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When to Fire an Employee

Updated on June 23, 2011

What you should fire for

I have the unfortunate experience of firing several people over nearly twelve years of management. It's really important to remember that every employee is a person, may have a family, and needs latitude at times. I have a few simple rules for firing.

If an employee steels, lies or cheats the company, fire immediately. Do not give second chances. These are actions that can't be tolerated. When an employee is fired for these actions, I've never seen them contest them. Here's an example, an employee is putting down more hours than they worked on a time card by an amount that there's no doubt they're lying. Fire them.

If an employee is given a set of rules or tasks and they fail three times in a row on more than one of them, it's likely the employee will never perform well and should be let go. Here's an example, you tell employees to lock the door when they leave, the employee doesn't do it three times over a relatively short period of time, fire them. Another is you ask for a task to be done and they continually fail. This likely means they don't have the skill to do it and if it's an important part of the job. If that's the case, you have to fire them.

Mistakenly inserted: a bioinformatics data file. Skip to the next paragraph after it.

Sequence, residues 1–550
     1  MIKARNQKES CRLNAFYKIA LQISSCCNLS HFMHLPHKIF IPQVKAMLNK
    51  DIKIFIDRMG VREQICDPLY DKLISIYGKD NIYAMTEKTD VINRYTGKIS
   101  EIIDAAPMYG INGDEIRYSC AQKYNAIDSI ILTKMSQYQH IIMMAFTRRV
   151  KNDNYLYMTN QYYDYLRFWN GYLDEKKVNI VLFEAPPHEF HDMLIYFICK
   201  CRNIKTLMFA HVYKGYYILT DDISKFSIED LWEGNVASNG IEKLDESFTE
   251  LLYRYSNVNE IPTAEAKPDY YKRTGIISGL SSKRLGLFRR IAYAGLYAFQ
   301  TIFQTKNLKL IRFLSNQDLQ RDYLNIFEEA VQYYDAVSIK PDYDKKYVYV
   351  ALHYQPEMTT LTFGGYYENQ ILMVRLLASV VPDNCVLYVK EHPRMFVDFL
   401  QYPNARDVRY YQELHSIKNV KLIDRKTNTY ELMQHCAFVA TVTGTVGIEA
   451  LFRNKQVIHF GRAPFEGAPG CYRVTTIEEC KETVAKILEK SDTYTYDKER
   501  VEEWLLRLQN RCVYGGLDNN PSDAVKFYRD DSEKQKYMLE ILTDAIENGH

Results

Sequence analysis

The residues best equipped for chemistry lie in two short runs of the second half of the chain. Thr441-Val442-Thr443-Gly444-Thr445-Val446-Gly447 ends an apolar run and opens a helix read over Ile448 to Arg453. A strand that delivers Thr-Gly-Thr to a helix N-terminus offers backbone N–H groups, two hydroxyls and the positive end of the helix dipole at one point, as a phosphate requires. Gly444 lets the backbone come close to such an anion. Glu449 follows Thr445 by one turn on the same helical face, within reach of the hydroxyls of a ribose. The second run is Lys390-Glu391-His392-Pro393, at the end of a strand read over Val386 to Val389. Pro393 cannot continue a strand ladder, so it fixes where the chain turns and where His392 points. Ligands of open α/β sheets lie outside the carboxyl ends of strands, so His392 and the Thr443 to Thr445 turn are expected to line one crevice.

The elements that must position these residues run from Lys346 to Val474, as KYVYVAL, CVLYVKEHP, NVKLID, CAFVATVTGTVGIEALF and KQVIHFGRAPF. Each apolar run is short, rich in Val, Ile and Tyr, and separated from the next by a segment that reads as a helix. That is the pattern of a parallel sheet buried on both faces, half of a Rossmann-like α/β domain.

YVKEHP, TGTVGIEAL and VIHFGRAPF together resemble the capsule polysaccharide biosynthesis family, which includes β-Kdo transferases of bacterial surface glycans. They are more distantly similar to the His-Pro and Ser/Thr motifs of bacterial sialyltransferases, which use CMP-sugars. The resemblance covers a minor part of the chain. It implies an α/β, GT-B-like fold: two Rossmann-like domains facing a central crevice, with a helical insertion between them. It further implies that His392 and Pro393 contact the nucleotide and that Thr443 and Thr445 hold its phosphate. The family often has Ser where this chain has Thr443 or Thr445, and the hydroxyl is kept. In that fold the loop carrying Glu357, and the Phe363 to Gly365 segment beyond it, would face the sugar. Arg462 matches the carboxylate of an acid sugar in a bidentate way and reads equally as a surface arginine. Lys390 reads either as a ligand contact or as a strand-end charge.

You have an employee that is an asshole. I think being an asshole is a firealbe offense. Even if they do a great job at their tasks. Working in a company isn't just getting the work done, it's how it's done and the impact it has on others. An asshole is a cancer and should be removed from an organization immediately.

Here are a few examples of where I don't think you should fire someone. You have an employee that is sick and misses critical deadlines. I encourage people to put the welfare of employees first and to help them get better, not fire them.

An employee is missing a core skill to doing a job. Be patient and get them the necessary training if they have the intellectual capabilities and desire to perform well. This is the one place in certain environments where it makes sense to put a performance plan in place. Agree on the plan with the employee and at the end, the employee should be fired or given a clean slate.

The employee that's really slow. This is a hard one. If the person is a great team fit and brings value in other ways than pure productivity, keep them. If they are slow and nobody likes them, fire them.

As an employer and manager, it's a good idea to remember that you're part of a team. Teams need people to fill various roles. All employees are not stars, nor should they be, but, each employee should fill a role and add value. If they don't add value in any way then they should be let go.


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